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Teller of Tales: The Life of Arthur Conan…
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Teller of Tales: The Life of Arthur Conan Doyle (1999)

by Daniel Stashower

Other authors: See the other authors section.

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An interesting book about a fascinating and enigmatic man. Enigmatic because it is difficult to understand how a mind that could create Sherlock Holmes, the ultra-clinical, ultra-sceptical detective, could also believe in fairies, table-tapping, "voices from beyond," and pretty much any other mystical twaddle that came his way. This book, however, goes some way to reconciling these polar opposites, explaining how Scottish good sense prevented Doyle from using Holmes as a mouthpiece for his Spiritualist agenda, while placing that agenda in the context of Doyle's personal grief at losing his son in the Great War.

As it was the author's intention to emphasise the period in which Doyle's Spiritualist beliefs came to dominate his life, this biography may not be for those looking for a personification of the Great Detective. For balance, The Secret Life of Houdini by William Kalush and Larry Sloman is a cracking read, telling the story of how the escapologist and Doyle became first close friends, and then bitter enemies as Houdini carried out his crusade to expose fake (aren't they all?) Spiritualist mediums.

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  Michael.Rimmer | Mar 30, 2013 |
Reviewed by Roger Johnson, [District Messenger 198, 2000] The author is himself a novelist and knows how to tell a good story. And, let's face it, Conan Doyle's life is a good story. This is perhaps the most readable biography of him since John Dickson Carr's, and of course it pays proper attention to his literary career, neither downplaying nor over-emphasising his major achievement, Sherlock Holmes. In addition, the book acknowledges the central place of Spiritualism in Conan Doyle's later life, rather than trying to ignore it, as some have done.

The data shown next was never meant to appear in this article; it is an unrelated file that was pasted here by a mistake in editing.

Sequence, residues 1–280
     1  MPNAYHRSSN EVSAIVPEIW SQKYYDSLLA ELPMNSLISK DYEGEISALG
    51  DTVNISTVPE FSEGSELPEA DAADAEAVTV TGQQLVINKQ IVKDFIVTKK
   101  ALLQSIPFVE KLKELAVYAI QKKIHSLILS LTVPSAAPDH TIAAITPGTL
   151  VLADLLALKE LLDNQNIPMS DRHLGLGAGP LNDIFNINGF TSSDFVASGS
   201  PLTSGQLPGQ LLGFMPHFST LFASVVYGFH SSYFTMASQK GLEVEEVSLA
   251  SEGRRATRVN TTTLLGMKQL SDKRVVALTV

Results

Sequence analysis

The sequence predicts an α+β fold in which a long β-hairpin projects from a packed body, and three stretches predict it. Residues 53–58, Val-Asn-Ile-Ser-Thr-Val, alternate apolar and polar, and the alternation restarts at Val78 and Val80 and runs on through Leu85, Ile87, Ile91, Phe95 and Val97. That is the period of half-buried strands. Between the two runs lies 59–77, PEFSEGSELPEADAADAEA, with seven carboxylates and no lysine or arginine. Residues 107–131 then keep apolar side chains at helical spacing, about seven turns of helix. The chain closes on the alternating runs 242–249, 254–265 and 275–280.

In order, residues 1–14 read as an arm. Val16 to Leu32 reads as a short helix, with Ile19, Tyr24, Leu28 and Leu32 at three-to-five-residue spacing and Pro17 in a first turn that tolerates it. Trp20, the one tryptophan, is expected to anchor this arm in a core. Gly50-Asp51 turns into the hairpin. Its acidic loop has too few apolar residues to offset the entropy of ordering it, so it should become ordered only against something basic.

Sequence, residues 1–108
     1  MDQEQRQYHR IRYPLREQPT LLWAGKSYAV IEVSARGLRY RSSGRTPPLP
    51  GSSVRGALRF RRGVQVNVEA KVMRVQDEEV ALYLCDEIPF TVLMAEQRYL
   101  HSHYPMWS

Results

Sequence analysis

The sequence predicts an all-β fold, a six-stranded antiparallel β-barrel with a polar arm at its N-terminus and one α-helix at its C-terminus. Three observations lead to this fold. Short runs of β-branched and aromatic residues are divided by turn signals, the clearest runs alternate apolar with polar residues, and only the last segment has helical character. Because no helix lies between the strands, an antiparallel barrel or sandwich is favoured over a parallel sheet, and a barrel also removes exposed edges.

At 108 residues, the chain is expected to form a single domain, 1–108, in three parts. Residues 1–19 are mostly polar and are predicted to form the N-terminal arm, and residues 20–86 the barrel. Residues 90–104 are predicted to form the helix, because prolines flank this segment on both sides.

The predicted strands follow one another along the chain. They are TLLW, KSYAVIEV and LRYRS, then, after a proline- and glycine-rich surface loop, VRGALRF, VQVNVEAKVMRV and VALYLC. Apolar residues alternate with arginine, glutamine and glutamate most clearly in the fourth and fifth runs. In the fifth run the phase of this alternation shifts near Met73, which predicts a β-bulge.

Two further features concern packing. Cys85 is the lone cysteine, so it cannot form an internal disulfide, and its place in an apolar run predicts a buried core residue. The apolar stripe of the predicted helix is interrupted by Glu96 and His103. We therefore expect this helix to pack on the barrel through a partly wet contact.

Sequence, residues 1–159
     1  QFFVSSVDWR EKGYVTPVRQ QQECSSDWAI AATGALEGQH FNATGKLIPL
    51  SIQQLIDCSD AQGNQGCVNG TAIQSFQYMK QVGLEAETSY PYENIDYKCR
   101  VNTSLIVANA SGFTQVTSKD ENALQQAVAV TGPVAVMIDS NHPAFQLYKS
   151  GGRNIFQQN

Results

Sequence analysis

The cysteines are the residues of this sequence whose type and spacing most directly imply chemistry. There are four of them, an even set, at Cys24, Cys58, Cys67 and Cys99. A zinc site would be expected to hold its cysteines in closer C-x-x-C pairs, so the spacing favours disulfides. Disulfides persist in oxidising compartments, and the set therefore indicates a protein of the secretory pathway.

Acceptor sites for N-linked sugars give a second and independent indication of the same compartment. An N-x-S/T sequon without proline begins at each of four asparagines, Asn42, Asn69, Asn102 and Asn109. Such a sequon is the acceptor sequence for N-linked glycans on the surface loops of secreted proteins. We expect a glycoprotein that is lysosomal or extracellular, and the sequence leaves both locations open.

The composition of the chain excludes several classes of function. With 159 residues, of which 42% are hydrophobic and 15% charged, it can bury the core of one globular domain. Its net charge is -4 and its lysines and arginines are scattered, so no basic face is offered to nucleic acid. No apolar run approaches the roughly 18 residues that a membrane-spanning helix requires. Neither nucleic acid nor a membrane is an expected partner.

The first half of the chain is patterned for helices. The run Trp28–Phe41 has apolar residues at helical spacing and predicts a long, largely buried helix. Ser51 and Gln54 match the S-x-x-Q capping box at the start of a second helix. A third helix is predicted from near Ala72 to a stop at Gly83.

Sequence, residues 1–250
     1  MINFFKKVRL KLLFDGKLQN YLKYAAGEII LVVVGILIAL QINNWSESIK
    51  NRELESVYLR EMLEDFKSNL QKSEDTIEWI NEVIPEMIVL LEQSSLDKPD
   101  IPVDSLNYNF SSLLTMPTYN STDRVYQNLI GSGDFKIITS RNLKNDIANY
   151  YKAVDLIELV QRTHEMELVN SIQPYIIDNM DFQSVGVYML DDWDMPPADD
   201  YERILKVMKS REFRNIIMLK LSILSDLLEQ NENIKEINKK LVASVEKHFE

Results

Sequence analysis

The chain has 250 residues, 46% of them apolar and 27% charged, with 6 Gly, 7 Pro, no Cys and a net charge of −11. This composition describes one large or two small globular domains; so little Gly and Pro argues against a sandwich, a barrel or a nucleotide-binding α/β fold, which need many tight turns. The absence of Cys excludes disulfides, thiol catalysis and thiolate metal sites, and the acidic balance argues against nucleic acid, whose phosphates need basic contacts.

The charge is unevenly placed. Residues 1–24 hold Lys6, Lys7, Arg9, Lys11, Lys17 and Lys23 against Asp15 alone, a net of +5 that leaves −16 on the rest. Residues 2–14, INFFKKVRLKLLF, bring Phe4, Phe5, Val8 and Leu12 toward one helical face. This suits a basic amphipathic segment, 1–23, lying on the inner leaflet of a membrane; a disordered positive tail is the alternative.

Alas, like all his predecessors since Pierre Nordon, Mr Stashower has been denied access to the Conan Doyle papers; until they are made available the definitive biography cannot be written. The best studies of Arthur Conan Doyle are the two that deal with specific periods of his earlier life: Owen Dudley Edwards' The Quest for Sherlock Holmes and Geoffrey Stavert's A Study in Southsea. These, of course, are necessarily incomplete.
Meanwhile, Teller of Tales is an admirable account, very attractively presented, of a man who achieved remarkable things - the most remarkable being something he considered trivial.
  mmckay | Apr 11, 2006 |
The author is himself a novelist and knows how to tell a good story. And, let's face it, Conan Doyle's life is a good story. This is perhaps the most readable biography of him since John Dickson Carr's, and of course it pays proper attention to his literary career, neither downplaying nor over-emphasising his major achievement, Sherlock Holmes. In addition, the book acknowledges the central place of Spiritualism in Conan Doyle's later life, rather than trying to ignore it, as some have done.
Alas, like all his predecessors since Pierre Nordon, Mr Stashower has been denied access to the Conan Doyle papers; until they are made available the definitive biography cannot be written. The best studies of Arthur Conan Doyle are the two that deal with specific periods of his earlier life: Owen Dudley Edwards' The Quest for Sherlock Holmes and Geoffrey Stavert's A Study in Southsea. These, of course, are necessarily incomplete.